The Labor Department on Monday announced the official 18-month extension for the start of key provisions of the fiduciary rule.
Labor announced the special Transition Period for the Fiduciary Rule’s Best Interest Contract Exemption and the Principal Transactions Exemption, and of the applicability of certain amendments to Prohibited Transaction Exemption 84-24 (PTEs), will move from the previous Jan. 1, 2018, compliance date to July 1, 2019.
The extension gives Labor time “to consider public comments submitted pursuant to the Department’s July Request for Information, and the criteria set forth in the Presidential Memorandum of Feb. 3, 2017, including whether possible changes and alternatives to exemptions would be appropriate in light of the current comment record and potential input from, and action by, the Securities and Exchange Commission, state insurance commissioners and other regulators,” Labor said in a Monday release.
President Donald Trump directed the Department to prepare an updated analysis of the “likely impact” of the fiduciary rule on access to retirement information and financial advice.
During the extended Transition Period, fiduciary advisors “have an obligation to give advice that adheres to impartial conduct standards,” Labor said.
The Save Our Retirement Coalition, which includes the Consumer Federation of America and Americans for Financial Reform, blasted the 18-month delay, stating in a Monday release that the action “is effectively a repeal of the fiduciary rule’s most critical provisions – the provisions that ensure the rule is effective and enforceable and that financial advisers and their firms are accountable for providing the best interest advice retirement savers both want and need.”
DOL, the Coalition said, “claims it is simply delaying the full implementation and enforcement of the fiduciary rule by 18 months, but delay implies these provisions will become applicable in the near future. However, the Trump Administration has made clear its goal is that these most critical provisions never become applicable. Instead, the Administration’s intent is to use this time to permanently dismantle key elements of the rule.”
Dale Brown, president and CEO of the Financial Services Institute, a fiduciary rule opponent, said the delay will allow the DOL “to conduct a thorough review of the rule, as ordered by President Trump, to ensure investor choice and access to retirement savings advice is protected.” In addition to the rule review, FSI, Brown added, is “encouraged by the DOL’s statement that they will coordinate with other regulators, including the SEC, to simplify and streamline the rule.”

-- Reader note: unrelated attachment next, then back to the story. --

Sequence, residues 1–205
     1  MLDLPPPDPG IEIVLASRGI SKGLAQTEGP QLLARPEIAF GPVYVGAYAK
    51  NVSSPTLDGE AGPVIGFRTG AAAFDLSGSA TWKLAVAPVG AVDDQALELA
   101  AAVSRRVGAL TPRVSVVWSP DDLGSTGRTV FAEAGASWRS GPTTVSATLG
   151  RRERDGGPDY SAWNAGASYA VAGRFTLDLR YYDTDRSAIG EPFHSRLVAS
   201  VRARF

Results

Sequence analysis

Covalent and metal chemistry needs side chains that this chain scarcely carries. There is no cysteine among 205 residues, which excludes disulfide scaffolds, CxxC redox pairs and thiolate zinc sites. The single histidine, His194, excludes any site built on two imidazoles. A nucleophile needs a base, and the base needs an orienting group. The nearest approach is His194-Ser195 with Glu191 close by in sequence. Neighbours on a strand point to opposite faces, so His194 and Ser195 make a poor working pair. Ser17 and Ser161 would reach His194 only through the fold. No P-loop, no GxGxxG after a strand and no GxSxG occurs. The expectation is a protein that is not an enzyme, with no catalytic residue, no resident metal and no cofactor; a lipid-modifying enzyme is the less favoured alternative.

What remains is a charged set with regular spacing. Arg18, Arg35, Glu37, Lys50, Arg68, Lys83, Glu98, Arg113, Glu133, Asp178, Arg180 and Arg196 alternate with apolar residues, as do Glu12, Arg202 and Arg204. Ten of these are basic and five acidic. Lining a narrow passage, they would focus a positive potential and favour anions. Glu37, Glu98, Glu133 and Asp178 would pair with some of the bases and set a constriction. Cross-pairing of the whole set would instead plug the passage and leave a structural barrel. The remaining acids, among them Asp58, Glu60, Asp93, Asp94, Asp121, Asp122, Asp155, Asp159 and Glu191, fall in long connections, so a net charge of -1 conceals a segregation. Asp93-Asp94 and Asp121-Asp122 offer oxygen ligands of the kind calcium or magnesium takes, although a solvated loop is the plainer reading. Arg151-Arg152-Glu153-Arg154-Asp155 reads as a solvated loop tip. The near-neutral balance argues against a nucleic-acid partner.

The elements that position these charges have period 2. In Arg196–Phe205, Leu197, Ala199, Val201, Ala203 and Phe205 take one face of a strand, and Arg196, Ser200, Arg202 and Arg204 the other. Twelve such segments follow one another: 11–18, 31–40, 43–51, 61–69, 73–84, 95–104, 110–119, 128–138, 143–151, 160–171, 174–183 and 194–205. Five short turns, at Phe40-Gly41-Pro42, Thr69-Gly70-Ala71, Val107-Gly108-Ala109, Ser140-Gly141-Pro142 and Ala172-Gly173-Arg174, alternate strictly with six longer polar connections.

Labor Secretary Alexander Acosta told lawmakers on Nov. 15 that the best-interest standard under the Labor Department’s fiduciary rule is “in effect,” and that he’s ready to take action against “willful violations” of those rules.
The impartial conduct standards, also referred to as the best-interest standard, which took effect on June 9, require fiduciary advisors to adhere to a best-interest standard “when making investment recommendations, charge no more than reasonable compensation for their services, and refrain from making misleading statements,” Labor said.
Between Monday and July 1, 2019, when the exemptions’ remaining conditions are scheduled to become applicable, Labor said that it “intends to complete its review under the Presidential Memorandum and decide whether to propose further changes.”
Labor also announced Monday an extension of the temporary enforcement policy contained in Field Assistance Bulletin 2017-02 to cover the 18-month extension period.
“Thus, from June 9, 2017, to July 1, 2019, the Department will not pursue claims against fiduciaries working diligently and in good faith to comply with the Fiduciary Rule and PTEs, or treat those fiduciaries as being in violation of the Fiduciary Rule and PTEs.”
The extension will be published in the Federal Register on Wednesday.
On Nov. 1, Labor filed a proposed rule with the Office of Management and Budget to officially delay the fiduciary rule by 18 months.
Fred Reish, partner at Drinker Biddle & Reath in Los Angeles, told ThinkAdvisor Monday that while the delay was widely expected, and “gives relief from the most burdensome conditions of the exemptions, it should not be viewed as a delay of the fiduciary rule.”
That rule, Reish continued, “applied on June 9 of this year and will continue to apply during the extended transition period–until July 1, 2019 and probably thereafter. In addition, advisors must comply with the Impartial Conduct Standards during the transition period, which are: the best interest standard of care, no more than reasonable compensation and no materially misleading statements. The burden of proving compliance with those Standards is on the advisor and the advisor’s supervisory financial institution and therefore compliance should be documented.”
This story originally appeared in ThinkAdvisor.